Norwegian oil company DNO could buy more oil and gas assets in Iraq, Yemen, the UAE, Oman and Tunisia once it completes the $250 million acquisition of assets from UAE-based RAK Petroleum, DNO’s chairman told Reuters on Wednesday.
DNO agreed to buy assets owned by major shareholder RAK Petroleum in July.
Once the deal is completed — it needs to be approved at an extraordinary general meeting of DNO in December — DNO would hold oil and gas fields in these five countries and could acquire more.
“We are looking opportunistically at other assets that may be priced well,” Bijan Mossavar-Rahmani said in an interview.
“Following the merger, DNO will be in Iraq, Yemen, Oman, the UAE and Tunisia … It can use each of these platforms to grow more in those countries.”
Mossavar-Rahmani is both the chairman of DNO’s board and chief executive of RAK Petroleum, which has owned 30 percent of DNO’s shares for more than a year and would own 40 percent with the deal.
Talking generally about the attractiveness of oil and gas opportunities in the region, the chairman said the north of Iraq was by far the most attractive part of the region.
“Obviously the most interesting part in the Middle East is Kurdistan,” he said.
“Given the upheavals in the Middle East and the upheaval in global equities markets, there are a lot of distressed oil and gas assets in the Middle East, which for someone with the appetite for political risk and a presence in the region could create opportunities.”
“There are opportunities in Egypt and Yemen, clearly Libya is going to be a major focus for majors and for mid-sized oil companies. South Sudan could provide opportunities too.”
Last month, DNO announced a share buyback which it said was prompted by the turmoil on the financial markets and the fact that it has a 1.7 billion Norwegian crowns ($318 million) cash pile.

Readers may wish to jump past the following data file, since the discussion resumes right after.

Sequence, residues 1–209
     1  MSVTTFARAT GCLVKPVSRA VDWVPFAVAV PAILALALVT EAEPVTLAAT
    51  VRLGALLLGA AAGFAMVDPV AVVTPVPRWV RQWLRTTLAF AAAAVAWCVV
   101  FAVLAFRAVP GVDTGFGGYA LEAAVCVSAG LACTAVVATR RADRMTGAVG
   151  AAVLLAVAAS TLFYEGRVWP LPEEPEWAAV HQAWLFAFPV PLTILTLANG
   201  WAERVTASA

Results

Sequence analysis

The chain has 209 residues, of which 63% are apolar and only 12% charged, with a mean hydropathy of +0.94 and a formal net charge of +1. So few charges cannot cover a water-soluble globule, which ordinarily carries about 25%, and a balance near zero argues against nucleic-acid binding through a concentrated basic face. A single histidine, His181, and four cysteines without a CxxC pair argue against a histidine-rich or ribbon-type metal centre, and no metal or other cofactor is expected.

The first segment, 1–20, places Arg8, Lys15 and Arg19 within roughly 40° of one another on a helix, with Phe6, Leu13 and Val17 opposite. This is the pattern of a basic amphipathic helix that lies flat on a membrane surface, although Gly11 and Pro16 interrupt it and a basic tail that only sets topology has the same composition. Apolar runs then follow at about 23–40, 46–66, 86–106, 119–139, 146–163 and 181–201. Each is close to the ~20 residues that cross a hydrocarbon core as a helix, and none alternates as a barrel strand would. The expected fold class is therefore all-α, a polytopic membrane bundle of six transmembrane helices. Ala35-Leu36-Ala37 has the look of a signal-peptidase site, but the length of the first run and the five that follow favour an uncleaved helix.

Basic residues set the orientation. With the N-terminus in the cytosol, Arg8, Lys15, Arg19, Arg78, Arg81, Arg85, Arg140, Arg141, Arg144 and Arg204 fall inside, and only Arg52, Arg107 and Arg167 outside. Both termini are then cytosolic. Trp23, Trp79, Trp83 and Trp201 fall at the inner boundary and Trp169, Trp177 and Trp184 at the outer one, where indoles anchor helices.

Mossavar Rahmani said DNO was allowed by its shareholders to buy back up to 80 million shares and had so far bought back 9.5 million. He would not say whether it would buy back the full amount allowed nor when it would do so.
“It will depend on market conditions,” he said. “Obviously if the share price goes down a lot, we have better reason to buy the shares.”
DNO’s prize asset is the Tawke field in Iraqi Kurdistan, estimated to hold 636 million barrels, which has been mired in a lengthy dispute with Iraqi lawmakers.
DNO received its first ever payment, $104 million, in May for oil produced at its Kurdish fields and sent outside the region. The Baghdad government had refused to pay companies for oil exported from Kurdistan as it said the contracts, signed with the regional government, were invalid.
Production is currently at around 50,000 barrels per day but can produce twice as much.
Output has been held back for technical reasons but the company has said that further investments at the field would depend on getting clarification regarding payments.
“Obviously if we were getting paid according to the producing-sharing contract, we would be making additional investments and working a lot harder to export a lot more, subject again to the infrastructure limitations and government requirements,” said the DNO chairman.